S&P affirmed on Friday the rating of domestic power utility CEZ at A- with Stable outlook. The agency said that despite its expectations of slightly lower-than-anticipated revenues and EBITDA as of 2018 following the fall in power prices in Czech Republic, CEZ would be able to maintain funds from operations to debt above its 25% guideline. Such positive development would be thanks to the utility’s supportive hedging policy, which would allow some of the price decline in the next two to three years to be mitigated. Moreover, CEZ also benefits from low-risk, regulated distribution network businesses, which represented about 26% of EBITDA in 2014, S&P said. Last but not least, the agency expects the group to maintain its relatively prudent financial policy, including its focus on free cash flow generation.
S&P said that downward pressure on CEZ’s stand-alone credit profile (SACP) could result from even weaker power prices and electricity generation spreads than forecasted at present, free carbon dioxide allowances unexpectedly not granted by the government, or any large-scale acquisitions. Yet, potential one-level downward revision of CEZ’s SACP would not affect the agency’s long-term rating on CEZ, S&P concluded.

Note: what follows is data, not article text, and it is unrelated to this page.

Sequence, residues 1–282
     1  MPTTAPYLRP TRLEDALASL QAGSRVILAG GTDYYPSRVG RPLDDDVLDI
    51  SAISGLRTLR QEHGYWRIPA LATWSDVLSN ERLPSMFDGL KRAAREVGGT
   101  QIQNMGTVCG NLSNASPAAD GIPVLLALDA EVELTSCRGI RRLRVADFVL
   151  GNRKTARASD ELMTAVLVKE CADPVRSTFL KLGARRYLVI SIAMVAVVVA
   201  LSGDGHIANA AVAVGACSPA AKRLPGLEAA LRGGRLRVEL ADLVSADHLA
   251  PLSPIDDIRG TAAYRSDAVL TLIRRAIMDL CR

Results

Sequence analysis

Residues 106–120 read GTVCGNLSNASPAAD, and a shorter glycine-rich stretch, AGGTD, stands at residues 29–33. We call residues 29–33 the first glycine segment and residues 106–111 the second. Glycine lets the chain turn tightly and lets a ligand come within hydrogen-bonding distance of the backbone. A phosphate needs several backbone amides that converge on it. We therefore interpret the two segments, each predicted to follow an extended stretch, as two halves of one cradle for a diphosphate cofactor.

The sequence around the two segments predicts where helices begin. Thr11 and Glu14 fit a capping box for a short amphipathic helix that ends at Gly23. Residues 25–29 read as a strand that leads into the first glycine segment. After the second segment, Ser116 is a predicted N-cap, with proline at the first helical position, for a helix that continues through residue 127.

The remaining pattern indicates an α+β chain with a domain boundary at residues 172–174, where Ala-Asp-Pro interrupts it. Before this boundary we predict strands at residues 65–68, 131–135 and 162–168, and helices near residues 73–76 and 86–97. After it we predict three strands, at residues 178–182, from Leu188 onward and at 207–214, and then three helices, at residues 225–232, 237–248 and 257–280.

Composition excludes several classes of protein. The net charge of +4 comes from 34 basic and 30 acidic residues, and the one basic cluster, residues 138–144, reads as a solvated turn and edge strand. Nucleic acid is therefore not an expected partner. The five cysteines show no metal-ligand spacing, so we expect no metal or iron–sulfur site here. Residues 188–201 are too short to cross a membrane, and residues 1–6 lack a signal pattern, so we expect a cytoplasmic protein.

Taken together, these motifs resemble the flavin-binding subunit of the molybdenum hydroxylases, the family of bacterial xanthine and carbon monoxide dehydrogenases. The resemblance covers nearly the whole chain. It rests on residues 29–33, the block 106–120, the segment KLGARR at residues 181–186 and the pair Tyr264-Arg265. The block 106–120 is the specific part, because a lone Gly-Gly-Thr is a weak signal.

Earlier this month Moody’s placed CEZ’s A3 senior unsecured ratings on review for downgrade due to the utility’s exposure to a weakening power price environment. Moody’s said it could confirm CEZ’s ratings if the adverse effect of lower power prices was adequately mitigated so that CEZ maintained a financial profile in line with Moody’s guidance. A negative rating action, up to one notch, could come if CEZ proved unable to offset the impact of lower power prices using mitigating measures to create adequate financial headroom.